He vividly recalls the first time he watched KVN after Russia annexed Crimea. “The first team came to the stage and made a joke about Crimea,” he says. “I simply turned off the TV and never watched KVN again. It was an important part of my life, but now I hate it.”
The show, he says, which had started as “democratic in the 90s and early 2000s, like much of Russia, had been affected by Putin’s propaganda, and was now being used to justify the war on Ukraine”.
It was a clean break for Kulybyshev, but in Ukraine, he says joint Ukrainian-Russian productions started up again “silently” in 2015, eventually becoming a “new normal”. He recalls arguing with producers who would call him “hot-headed” and accuse him of oversimplifying the business relationships between the two nations.
In 2017, the Ukrainian government, then led by Petro Poroshenko, introduced a minimum 75 percent quota for Ukrainian-language content on television. At the time, Kulybyshev was working on Kyiv Day and Night, an adaptation of a German reality soap opera, which follows a group of young friends who share an apartment. After four seasons in Russian, it switched to the Ukrainian language. “Its popularity dropped a lot in that fifth season,” he says. “The Russian-language actors sounded unprofessional in Ukrainian and the changes jarred with the viewers.”
However, Kulybyshev, whose mother tongue is Russian, approves of the law, saying that the protection of the Ukrainian language, suppressed during the Soviet Union, was natural in “the process of nation formation”.
“The Ukrainian nation is not static; since independence [in 1991], it is constantly forming, and the language laws were a natural reaction to the invasion of the Donbas and Crimea in 2014,” he says.
Since 2014, Kulybyshev has been writing his own scripts in Ukrainian, and after February 24, he also switched to using Ukrainian in his personal life “out of principle”, including with his parents in Crimea, who are Russian speakers.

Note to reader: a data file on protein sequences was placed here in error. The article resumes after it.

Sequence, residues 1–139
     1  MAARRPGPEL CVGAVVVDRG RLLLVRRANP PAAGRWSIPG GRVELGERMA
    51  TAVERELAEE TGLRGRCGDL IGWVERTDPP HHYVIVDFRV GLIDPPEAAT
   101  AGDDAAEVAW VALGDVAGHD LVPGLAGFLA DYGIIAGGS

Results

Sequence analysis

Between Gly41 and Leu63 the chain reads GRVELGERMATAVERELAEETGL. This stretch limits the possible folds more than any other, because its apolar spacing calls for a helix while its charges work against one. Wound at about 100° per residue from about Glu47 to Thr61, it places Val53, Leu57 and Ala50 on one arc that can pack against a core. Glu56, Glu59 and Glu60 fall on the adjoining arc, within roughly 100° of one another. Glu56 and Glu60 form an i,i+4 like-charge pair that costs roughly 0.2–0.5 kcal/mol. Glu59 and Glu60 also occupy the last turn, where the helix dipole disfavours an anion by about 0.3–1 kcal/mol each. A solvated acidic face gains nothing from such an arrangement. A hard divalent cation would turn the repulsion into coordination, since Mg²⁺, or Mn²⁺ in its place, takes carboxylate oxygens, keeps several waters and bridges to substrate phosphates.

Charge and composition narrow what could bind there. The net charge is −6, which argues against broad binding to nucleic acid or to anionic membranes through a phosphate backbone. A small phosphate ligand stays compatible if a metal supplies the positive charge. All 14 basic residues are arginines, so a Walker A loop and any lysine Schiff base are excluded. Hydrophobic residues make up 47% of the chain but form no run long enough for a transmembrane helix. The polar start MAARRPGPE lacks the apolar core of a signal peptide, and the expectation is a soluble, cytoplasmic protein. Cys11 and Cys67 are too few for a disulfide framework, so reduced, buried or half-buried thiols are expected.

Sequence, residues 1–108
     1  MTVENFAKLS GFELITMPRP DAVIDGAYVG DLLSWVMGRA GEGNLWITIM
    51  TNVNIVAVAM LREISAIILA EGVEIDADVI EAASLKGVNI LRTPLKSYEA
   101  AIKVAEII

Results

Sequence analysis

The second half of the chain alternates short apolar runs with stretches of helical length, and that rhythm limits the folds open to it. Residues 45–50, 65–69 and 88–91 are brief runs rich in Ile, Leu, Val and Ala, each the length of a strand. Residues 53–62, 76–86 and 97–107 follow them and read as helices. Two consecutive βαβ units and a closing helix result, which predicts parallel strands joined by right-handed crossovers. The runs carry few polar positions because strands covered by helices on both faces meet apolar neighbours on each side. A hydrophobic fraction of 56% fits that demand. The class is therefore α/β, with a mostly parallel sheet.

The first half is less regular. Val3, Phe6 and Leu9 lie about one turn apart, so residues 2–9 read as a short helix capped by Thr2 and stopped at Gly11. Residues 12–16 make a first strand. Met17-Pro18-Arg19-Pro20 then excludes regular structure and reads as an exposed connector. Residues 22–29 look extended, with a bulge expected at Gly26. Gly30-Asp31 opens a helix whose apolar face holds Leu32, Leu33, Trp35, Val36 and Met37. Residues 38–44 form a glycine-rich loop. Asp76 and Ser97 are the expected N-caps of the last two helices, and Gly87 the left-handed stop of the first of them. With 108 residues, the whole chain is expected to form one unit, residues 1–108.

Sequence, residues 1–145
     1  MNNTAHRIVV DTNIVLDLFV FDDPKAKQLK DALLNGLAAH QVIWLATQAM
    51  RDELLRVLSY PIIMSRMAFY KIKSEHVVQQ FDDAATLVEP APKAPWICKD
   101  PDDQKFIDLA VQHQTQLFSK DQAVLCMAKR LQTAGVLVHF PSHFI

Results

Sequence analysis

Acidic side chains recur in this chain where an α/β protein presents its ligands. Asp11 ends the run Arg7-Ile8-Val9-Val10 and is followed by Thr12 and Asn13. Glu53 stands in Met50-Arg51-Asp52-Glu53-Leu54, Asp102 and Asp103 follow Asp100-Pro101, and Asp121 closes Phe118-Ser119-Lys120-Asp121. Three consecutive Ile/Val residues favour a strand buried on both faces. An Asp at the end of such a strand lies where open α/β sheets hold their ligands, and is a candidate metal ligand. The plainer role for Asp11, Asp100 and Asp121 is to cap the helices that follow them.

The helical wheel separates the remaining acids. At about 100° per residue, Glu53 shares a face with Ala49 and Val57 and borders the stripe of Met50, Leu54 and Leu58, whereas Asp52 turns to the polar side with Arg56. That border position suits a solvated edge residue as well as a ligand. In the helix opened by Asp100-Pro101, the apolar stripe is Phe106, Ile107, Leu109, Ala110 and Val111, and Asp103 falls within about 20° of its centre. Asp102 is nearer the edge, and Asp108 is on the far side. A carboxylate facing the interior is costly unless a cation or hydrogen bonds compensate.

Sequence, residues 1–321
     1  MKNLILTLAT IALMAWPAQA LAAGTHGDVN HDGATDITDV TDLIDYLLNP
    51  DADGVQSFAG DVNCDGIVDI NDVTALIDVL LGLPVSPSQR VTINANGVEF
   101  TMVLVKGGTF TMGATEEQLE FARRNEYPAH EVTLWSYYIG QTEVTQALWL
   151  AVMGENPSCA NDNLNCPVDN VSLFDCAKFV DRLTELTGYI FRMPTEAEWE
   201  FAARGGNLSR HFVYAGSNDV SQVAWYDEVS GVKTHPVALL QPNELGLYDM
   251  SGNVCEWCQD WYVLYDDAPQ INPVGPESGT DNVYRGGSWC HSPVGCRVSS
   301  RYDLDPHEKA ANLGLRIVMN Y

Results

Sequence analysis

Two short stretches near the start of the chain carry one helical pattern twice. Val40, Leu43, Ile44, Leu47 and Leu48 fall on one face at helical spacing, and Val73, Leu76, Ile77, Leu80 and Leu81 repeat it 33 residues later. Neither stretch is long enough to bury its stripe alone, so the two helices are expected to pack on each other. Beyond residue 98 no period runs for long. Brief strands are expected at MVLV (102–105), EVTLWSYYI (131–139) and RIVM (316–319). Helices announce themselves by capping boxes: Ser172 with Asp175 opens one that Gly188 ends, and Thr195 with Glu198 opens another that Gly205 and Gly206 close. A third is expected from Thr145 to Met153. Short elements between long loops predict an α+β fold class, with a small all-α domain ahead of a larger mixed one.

The 2020 documentary film The Earth is Blue as an Orange follows a single mother and her children living in the front-line city of Krasnohorivka in eastern Ukraine [Photo courtesy of Albatross Media]
Ukrainian cinema – repression and resistance
The Ukrainian film industry faced a long history of political repression during the Soviet era with films that depicted a distinct Ukrainian cultural identity being censored. Those that did make it to the big screen became icons of cultural resistance. This happened in particular during the “Khrushchev Thaw”, a period named after the leader of the Communist Party between the mid-1950s and mid-60s when repressive policies towards the cultures of the republics which made up the Soviet Union were relaxed.
One such film was Shadows of Forgotten Ancestors (1965), a Ukrainian-language romantic tragedy set in the Carpathian Mountains. Kulybyshev highlights the production as a classic example of Ukrainian magical realist cinema, a genre created by Armenian-born film director Sergei Parajanov that broke from socialist realism, the sanctioned art style in the Soviet Union. Parajanov had refused to dub the movie into the Russian language. After its release, the film became a symbol of protest against political repression among the Ukrainian intelligentsia. Soviet authorities banned almost all of Parajanov’s projects after 1965 and arrested him in 1973 on the pretext of homosexuality, which was illegal in the Soviet Union.